Home Asia Pacific US Army completes transition to new AH-64E V6 Apache in South Korea

US Army completes transition to new AH-64E V6 Apache in South Korea

Final AH-64D Apache flight in South Korea
Soldiers from 4-2 Attack Helicopter Battalion prepare the last AH-64D for its final flight. Photo: US Army

US Army soldiers from the 4th Battalion (Attack), 2nd Aviation Regiment (4-2 AB) in South Korea have completed a final flight with the AH-64D Apache attack helicopter, completing the fielding of the AH-64E V6 on 16 February, 2022.

The final flight of the AH-64D at Camp Humphreys, Republic of Korea, took place after the first V6 Apaches arrived in the country in January this year.

“I’ve been fortunate enough to fly the Alpha model as well as various versions of the Delta model,” said LTC Peter Schmitt the 4-2 Attack Helicopter Battalion Commander.

“This AH-64E v6 is far superior to prior generations when you take into consideration its lethality, its survivability, its performance and its maneuverability. This might look like an Apache aircraft, but its capabilities far exceed its predecessors. It is a different attack helicopter, not only from its prior generations, but frankly against a near peer or peer threat.”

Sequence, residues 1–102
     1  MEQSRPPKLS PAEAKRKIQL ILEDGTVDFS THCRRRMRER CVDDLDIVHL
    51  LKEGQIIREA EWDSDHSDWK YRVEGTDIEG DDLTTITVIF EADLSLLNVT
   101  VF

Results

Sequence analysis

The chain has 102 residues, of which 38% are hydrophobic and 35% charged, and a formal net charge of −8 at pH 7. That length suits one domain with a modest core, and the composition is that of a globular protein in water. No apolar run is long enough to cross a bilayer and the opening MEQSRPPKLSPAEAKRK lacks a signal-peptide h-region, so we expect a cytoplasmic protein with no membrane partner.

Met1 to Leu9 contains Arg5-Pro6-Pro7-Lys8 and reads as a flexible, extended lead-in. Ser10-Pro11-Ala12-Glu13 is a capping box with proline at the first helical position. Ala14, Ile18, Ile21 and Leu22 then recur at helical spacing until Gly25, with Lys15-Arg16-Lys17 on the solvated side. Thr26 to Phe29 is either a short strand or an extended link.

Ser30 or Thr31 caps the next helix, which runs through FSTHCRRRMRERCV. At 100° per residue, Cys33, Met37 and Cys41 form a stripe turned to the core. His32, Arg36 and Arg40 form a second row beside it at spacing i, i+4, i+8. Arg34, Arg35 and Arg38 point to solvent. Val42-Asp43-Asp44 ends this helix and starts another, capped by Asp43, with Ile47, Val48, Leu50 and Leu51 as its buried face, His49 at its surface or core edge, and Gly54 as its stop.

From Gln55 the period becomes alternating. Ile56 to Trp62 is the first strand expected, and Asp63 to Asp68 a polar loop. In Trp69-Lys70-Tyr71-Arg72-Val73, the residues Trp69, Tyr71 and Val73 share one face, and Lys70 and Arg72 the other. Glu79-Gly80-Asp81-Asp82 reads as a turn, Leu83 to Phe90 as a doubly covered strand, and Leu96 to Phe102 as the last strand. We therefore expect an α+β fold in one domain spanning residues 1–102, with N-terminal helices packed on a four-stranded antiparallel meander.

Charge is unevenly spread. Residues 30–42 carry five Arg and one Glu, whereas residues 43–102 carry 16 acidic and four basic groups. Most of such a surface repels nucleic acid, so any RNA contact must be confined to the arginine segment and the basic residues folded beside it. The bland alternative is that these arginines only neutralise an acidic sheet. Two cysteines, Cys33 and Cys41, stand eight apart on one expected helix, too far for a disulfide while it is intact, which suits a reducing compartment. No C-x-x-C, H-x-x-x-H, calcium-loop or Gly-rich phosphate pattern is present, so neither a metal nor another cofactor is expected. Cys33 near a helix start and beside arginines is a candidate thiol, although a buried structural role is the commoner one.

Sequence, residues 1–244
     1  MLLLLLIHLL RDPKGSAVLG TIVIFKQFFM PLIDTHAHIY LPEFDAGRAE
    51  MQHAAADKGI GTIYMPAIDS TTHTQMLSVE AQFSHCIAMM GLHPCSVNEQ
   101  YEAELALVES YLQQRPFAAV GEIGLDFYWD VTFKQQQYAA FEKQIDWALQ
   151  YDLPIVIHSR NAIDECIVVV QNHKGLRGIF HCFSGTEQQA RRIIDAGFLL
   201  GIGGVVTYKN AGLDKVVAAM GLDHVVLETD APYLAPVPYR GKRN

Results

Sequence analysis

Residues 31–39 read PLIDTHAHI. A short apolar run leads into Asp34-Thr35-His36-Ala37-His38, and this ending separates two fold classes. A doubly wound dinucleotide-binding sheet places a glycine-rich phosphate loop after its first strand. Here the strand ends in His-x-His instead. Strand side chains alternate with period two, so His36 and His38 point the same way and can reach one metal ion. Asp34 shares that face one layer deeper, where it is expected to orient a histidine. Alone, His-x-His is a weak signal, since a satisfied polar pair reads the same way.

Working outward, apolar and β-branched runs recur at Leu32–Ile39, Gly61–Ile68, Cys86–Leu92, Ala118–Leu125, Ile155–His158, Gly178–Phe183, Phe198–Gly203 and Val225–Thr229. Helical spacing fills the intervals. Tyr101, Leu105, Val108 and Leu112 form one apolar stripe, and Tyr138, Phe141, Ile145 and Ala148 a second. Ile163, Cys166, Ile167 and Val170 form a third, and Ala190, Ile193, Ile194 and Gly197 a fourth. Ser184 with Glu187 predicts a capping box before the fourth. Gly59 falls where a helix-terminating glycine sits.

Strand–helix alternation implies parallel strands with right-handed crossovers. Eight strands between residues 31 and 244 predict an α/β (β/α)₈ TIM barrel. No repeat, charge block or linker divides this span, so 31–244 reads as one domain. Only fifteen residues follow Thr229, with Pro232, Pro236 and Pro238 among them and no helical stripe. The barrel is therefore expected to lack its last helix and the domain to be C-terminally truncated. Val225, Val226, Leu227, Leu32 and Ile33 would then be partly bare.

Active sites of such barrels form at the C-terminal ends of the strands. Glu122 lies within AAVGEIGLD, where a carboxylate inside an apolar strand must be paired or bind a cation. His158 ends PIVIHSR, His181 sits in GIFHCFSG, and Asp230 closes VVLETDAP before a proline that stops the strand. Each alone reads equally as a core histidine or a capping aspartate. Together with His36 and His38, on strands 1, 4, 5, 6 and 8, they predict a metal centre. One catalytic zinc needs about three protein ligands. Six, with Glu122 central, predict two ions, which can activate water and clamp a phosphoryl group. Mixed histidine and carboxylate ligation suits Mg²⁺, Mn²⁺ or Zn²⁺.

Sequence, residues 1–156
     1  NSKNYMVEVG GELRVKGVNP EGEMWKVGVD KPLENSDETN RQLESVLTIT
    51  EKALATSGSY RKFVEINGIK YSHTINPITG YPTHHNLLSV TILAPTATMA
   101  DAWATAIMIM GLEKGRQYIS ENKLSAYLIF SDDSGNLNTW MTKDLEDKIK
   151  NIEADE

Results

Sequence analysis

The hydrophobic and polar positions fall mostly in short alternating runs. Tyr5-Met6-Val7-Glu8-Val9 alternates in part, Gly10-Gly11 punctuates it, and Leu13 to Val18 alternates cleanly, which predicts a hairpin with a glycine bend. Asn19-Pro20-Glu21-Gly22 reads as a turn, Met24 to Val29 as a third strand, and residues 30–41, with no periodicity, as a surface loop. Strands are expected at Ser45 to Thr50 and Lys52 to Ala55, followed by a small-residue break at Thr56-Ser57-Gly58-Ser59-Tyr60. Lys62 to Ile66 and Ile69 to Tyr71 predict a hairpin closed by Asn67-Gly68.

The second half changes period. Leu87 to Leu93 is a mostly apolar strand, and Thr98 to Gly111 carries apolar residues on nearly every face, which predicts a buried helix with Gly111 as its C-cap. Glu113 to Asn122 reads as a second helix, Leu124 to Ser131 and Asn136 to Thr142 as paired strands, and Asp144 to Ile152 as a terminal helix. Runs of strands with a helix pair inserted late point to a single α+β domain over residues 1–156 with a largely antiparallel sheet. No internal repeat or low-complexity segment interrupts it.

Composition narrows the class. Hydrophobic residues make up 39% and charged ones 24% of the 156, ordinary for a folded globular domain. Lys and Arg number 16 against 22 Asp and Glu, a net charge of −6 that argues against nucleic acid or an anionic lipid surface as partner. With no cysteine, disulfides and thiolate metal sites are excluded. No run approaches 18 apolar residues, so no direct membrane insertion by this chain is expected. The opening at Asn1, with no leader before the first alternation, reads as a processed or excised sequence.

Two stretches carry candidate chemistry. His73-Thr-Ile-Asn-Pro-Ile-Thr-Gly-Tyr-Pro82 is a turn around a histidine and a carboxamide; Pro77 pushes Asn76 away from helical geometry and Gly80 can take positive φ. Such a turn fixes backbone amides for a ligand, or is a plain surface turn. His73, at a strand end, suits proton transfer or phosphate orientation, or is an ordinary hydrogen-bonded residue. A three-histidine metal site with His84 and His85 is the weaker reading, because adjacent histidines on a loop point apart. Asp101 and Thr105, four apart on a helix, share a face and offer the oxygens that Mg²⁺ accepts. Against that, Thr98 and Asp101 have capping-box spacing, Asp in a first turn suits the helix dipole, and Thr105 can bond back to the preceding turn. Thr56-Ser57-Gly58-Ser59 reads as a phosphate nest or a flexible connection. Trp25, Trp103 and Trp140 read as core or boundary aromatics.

The US Army previously said that a total of 24 of the new V6 Apaches would be stationed in South Korea.

The V6 is equipped with the latest in communications, navigation, sensors and for the first time a cognitive decision aiding system (CDAS). Upgrades include an improved cockpit map display that will allow pilots to use digital map images to see terrain and other topographical features, increasing pilot situational awareness.

Other upgrades include a Modernized Target Acquisition Designation Sight/Pilot Night Vision System (MTADS/PNVS) that will provide improved resolution and acuity allowing pilots to pick up targets more clearly at longer distances on their display screens.

The helicopters also feature Link 16 communications, as well as Manned-Unmanned Teaming E\eXpanded (MUMT-X) software designed to allow Apache pilots to directly control other Army unmanned aerial systems, and receive UAS video in the cockpit while directing their flight path and controlling their sensors.